Senator Sherman explained his role further: "The Global Witness Report says that Sable Mining hired me to secure one of Liberia's last large mining assets, the Wologozi iron ore concession in northern Liberia. That is not true; Sable Mining hired Sherman & Sherman, and therefore me, to provide legal services to them in respect of their interest in agricultural and mineral business in Liberia; and we performed those tasks very diligently and honestly. I wonder how could Global Witness have known the purpose for which Sable Mining hired Sherman & Sherman?
"The Global Witness Report says that I told Sable Mining that in order to obtain the contract the company (Sable Mining) must first get Liberia's concession law changed by bribing senior government officials. This is not true and there is absolutely no basis for this assertion. Global Witness claims that it relies on "sources closely familiar with the discussions" but Global Witness never disclosed the names of those sources. Global Witness claimed that its account is "backed up by leaked emails and company documents seen by Global Witness" but none of these leaked emails and company documents was described in their Report in order for an independent person to verify them."
He categorically denied the "fabrications", stating further that he and his Sherman & Sherman would have never ever violated Liberian law and placed any such discussions in "emails or company documents", which could be easily exposed to Global Witness or any other investigators.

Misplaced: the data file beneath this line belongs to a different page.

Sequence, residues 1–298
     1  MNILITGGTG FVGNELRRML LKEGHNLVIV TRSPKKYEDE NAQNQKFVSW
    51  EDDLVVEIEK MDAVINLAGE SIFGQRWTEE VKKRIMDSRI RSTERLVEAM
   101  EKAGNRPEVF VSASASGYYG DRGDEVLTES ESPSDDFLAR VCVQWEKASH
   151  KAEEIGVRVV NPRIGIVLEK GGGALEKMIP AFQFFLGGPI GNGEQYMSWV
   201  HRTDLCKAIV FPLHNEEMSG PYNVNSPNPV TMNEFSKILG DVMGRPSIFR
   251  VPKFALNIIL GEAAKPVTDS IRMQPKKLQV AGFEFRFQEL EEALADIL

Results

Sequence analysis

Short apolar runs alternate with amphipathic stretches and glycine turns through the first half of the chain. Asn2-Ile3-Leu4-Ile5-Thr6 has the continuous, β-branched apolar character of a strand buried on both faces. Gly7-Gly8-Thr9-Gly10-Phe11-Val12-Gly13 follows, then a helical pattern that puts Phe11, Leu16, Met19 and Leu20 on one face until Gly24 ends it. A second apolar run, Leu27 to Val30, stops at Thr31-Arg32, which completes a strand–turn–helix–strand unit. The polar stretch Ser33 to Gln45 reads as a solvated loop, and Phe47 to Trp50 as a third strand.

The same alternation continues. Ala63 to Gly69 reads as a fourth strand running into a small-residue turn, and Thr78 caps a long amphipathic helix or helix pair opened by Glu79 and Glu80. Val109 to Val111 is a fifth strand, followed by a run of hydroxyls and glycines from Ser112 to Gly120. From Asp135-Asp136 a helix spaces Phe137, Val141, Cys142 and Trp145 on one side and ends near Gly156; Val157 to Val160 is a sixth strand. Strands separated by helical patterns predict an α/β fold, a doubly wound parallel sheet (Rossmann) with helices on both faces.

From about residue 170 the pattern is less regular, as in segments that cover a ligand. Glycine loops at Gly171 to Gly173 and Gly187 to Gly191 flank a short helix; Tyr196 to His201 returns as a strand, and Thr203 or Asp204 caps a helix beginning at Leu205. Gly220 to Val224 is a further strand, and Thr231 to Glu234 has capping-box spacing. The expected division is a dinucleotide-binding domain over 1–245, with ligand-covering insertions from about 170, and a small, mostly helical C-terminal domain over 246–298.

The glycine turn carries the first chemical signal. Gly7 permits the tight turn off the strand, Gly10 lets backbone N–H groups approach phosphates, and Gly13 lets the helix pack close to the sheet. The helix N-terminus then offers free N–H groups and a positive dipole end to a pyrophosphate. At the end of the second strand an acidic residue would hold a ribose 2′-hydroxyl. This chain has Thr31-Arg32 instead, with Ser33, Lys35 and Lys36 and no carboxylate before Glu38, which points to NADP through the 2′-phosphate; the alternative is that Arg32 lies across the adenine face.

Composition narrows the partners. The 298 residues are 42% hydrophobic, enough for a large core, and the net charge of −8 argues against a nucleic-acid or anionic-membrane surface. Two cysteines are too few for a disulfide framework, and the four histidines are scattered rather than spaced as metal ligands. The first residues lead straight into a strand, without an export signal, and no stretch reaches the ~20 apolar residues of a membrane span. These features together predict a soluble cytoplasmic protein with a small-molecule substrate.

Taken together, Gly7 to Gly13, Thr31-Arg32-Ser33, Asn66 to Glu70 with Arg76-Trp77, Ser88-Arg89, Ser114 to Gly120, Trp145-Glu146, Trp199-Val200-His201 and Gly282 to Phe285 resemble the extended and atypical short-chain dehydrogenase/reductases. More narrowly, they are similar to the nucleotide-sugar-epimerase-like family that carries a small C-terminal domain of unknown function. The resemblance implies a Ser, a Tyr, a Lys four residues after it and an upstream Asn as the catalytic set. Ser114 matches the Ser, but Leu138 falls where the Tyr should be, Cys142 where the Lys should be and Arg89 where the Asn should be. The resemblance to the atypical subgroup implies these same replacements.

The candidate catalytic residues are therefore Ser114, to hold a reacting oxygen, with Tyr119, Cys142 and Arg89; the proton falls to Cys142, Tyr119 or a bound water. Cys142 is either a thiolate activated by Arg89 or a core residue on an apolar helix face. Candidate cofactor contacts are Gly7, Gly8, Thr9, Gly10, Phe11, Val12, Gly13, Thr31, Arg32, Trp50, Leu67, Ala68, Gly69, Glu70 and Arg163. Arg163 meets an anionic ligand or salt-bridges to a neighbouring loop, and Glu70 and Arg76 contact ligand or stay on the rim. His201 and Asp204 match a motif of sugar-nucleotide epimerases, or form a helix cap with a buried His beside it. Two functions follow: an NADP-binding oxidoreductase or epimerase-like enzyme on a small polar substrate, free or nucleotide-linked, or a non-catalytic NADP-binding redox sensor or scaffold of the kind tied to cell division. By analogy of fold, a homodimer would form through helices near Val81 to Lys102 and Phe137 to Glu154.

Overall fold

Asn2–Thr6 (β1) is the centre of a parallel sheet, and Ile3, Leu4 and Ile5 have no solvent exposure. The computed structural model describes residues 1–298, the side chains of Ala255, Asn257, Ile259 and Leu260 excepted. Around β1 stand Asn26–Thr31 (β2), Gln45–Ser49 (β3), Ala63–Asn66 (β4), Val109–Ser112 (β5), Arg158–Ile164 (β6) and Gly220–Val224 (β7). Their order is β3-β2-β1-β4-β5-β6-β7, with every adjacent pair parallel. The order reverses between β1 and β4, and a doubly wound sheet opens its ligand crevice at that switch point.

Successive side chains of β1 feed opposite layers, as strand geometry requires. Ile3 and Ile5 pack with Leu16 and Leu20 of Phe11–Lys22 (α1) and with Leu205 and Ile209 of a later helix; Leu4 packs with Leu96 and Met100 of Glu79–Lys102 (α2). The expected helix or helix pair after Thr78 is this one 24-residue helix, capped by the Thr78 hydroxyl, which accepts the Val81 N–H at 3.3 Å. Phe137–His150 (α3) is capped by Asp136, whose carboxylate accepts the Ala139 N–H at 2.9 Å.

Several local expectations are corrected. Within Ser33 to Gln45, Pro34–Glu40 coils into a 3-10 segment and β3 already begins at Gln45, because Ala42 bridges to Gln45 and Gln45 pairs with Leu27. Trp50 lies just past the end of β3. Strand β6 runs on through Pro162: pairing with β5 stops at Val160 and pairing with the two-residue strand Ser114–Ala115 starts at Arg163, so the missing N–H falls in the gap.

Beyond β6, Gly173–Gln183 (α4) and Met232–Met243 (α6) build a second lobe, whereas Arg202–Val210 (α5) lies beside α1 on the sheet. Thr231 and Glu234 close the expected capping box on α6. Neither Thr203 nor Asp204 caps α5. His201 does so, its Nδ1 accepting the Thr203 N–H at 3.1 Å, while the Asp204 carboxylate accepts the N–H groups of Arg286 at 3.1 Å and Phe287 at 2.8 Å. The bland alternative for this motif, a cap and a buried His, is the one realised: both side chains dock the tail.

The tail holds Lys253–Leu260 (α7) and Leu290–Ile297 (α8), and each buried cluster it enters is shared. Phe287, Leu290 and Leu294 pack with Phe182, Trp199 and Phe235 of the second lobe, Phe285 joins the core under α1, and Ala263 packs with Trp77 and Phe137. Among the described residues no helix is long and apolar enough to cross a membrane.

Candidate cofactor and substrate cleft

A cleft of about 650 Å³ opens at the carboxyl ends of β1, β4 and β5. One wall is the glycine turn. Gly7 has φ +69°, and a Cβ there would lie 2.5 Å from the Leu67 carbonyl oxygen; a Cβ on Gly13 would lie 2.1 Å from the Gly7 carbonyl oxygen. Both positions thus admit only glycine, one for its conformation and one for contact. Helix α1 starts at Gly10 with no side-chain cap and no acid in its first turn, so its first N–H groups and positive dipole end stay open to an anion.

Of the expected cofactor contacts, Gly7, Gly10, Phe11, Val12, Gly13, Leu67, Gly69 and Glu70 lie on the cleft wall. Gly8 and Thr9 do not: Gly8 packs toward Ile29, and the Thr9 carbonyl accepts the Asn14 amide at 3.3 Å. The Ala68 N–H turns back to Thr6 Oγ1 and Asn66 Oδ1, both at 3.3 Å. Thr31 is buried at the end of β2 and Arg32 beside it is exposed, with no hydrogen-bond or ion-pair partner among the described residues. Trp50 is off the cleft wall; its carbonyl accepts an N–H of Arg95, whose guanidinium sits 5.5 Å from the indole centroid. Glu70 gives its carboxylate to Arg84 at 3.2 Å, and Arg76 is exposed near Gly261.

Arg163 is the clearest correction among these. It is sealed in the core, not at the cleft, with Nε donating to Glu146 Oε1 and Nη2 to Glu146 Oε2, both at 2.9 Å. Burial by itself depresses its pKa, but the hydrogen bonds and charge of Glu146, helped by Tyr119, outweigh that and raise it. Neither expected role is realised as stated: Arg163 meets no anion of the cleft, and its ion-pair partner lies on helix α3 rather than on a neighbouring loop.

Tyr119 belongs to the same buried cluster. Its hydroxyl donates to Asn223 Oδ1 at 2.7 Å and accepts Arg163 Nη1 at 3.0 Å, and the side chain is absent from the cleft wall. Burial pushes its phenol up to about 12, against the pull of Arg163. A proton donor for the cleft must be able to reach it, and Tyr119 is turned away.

"Global Witness also said Jonathan Gant, its Senior Campaigner said that 'Sable Mining and Sherman paid bribes to change Liberia's law and get their hands on one of the most prized assets, the Wologizi concession'; and this is another fabrication, which has no basis whatsoever."
First, he continued, Wologizi was never considered by him or anybody else in the mineral industry to be a prized asset of Liberia, and besides, in 2010 or thereabouts, Liberia had not offered Wologizi for the purpose of a concession.
"Even the Liberia Government, in its written reaction to the Global Witness Report, said in part, that 'However, we wish to clarify that the government of Liberia has never initiated, commissioned, nor participated in any process for granting a concession of the Wologizi Mountains to Sable.'"
Also on account of the government denial, Senator Sherman said, "Certainly, there was no basis for the outrageous allegation made by Global Witness. Why would Sable Mining, with my assistance, have to bribe Liberian Government officials for a mineral deposit that was never considered by the Liberian Government for a concession?"